les standards personal interests
LES Standards – Personal Interests

“It is the duty of the licensing professional to disclose the fact that he or she has an interest in the subject matter being licensed.”

les standards confidentiality
LES Standards - Confidentiality
  • “It is the duty of a member of this society to respect and hold inviolate the confidences of a client. In the absence of other agreement with the client, termination of the employment with the client will not terminate this obligation, but the duty is relieved by the fact that the information given in confidence is generally known. In the event that confidencesof a previous client prevent him/her from fully discharging duties to the subsequent client, the member shall immediately notify the subsequent client of such disability.”
aba model rules of professional conduct
ABA Model Rules of Professional Conduct

In the course of representing a client, a lawyer shall not knowingly:

Make a false statement of material fact or law to a third person; or

Fail to disclose a material fact to a third person when disclosure is necessary to avoid assisting a criminal or fraudulent act by a client, unless disclosure is prohibited by Rule 1.6.

ABAModel Rule 4.1

aba model rules of professional conduct14
ABA Model Rules of Professional Conduct
  • Rule 4.1(a) forbids
    • Lying about a material fact
      • What is material depends on the situation
      • Distinguish posturing or puffery
    • Failing to disclose a material fact
      • Where failure to disclose amounts to a misrepresentation
    • Making a misstatement of law
      • Cannot assume opponent knows the law
aba model rules of professional conduct15
ABA Model Rules of Professional Conduct
  • Rule 4.1(b) forbids
    • Silence or inaction with knowledge of client’s misleading statements or actions
    • Silence with knowledge that opponent misunderstands an issue of fact or law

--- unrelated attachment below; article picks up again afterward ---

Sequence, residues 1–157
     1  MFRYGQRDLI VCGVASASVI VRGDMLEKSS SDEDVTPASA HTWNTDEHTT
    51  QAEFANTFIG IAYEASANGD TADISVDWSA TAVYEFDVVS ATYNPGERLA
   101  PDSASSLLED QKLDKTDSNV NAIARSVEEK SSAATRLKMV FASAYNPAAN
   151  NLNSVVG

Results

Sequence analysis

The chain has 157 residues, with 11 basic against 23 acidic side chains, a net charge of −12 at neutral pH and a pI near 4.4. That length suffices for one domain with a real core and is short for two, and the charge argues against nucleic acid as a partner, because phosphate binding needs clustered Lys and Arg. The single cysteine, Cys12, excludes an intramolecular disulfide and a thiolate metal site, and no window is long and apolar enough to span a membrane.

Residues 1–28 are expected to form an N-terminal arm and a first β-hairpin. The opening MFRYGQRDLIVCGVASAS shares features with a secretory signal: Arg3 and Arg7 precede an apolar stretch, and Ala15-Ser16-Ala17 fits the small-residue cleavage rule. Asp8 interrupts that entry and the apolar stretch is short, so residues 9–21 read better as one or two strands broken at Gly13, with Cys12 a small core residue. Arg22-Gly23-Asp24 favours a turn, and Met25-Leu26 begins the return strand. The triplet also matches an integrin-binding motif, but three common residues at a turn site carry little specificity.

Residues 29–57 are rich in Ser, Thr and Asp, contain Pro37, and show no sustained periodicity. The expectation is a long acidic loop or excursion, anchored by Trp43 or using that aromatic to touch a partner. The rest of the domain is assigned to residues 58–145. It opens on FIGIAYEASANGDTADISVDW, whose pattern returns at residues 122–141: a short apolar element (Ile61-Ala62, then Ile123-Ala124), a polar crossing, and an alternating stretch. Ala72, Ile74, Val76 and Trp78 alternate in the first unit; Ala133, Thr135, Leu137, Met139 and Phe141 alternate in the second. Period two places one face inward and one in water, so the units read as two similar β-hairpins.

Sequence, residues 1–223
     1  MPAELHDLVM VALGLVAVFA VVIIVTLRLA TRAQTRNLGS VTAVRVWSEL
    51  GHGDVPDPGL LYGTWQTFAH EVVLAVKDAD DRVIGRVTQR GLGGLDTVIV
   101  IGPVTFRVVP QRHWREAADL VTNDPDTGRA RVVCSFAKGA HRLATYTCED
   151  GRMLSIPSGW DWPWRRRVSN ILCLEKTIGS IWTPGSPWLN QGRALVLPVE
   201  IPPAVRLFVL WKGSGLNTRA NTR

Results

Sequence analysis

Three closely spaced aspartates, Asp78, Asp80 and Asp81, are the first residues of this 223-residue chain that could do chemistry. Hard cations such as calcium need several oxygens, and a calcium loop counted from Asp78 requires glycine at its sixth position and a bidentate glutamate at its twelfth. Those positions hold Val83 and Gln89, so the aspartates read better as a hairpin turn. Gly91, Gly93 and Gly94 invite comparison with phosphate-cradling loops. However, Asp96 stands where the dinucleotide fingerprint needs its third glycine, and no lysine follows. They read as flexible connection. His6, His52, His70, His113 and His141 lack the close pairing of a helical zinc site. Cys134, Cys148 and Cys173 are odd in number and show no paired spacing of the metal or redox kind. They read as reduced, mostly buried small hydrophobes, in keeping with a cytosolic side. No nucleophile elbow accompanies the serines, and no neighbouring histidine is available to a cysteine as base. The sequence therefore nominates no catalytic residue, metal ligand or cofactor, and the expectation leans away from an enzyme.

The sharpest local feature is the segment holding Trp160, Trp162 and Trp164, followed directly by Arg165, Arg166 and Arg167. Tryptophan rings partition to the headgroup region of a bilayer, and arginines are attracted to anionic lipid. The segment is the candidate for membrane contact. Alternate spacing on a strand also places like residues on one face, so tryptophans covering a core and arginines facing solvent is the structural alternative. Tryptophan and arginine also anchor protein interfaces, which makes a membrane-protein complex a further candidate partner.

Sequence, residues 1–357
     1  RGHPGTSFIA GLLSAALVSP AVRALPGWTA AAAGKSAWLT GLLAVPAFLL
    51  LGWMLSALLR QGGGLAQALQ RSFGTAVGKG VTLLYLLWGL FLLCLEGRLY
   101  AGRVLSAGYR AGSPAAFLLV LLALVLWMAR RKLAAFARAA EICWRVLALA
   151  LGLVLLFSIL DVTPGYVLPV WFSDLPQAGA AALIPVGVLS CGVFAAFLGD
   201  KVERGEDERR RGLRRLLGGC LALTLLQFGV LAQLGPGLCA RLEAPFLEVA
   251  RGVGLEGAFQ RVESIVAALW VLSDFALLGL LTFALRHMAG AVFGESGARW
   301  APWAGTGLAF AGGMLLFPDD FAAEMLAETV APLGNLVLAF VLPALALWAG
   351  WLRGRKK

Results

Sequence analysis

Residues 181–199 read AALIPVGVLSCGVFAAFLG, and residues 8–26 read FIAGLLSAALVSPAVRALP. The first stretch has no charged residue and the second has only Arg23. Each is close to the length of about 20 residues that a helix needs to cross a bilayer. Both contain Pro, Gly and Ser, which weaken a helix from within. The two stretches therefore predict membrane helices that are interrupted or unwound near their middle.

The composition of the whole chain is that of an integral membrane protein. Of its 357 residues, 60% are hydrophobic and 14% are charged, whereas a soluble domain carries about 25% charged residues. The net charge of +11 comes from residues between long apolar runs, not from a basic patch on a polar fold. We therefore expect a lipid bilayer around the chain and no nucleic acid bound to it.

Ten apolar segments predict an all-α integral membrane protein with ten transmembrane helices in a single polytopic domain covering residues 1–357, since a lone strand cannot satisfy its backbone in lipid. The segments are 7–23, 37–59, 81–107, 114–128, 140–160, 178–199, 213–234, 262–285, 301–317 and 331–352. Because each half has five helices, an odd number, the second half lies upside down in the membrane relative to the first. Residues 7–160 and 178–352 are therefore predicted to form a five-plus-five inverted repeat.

• Party with greater knowledge may have to assist other party
      • Opposing counsel’s lack of experience may increase obligation to disclose
material misrepresentations
Material Misrepresentations??
  • Offering license under pending but rejected patent application.
    • No representation of issued patent.
    • File history available to both parties
  • Offering license for technical information that may be in public domain.
    • Absent actual knowledge that all is public, okay.
    • Only relative secrecy is needed.
material misrepresentations17
Material Misrepresentations??
  • Offering license under patent known to be invalid.
    • No representation of validity.
    • What is known?
  • Asserting need for license with knowledge of no infringement due to file history.
    • Equal access to file history.
  • Asserting no need for license with knowledge that patent owner is unaware of different model of accused product.
    • Any duty to advise patent owner?
material misrepresentations18
Material Misrepresentations??
  • Offering covenant not to sue with knowledge that title to licensed right is in doubt.
    • No warranty of title.
  • Failing to note all changes made in draft
    • Modern compare software induces reliance but also provides means for checking
aba model rules of professional conduct19
ABA Model Rules of Professional Conduct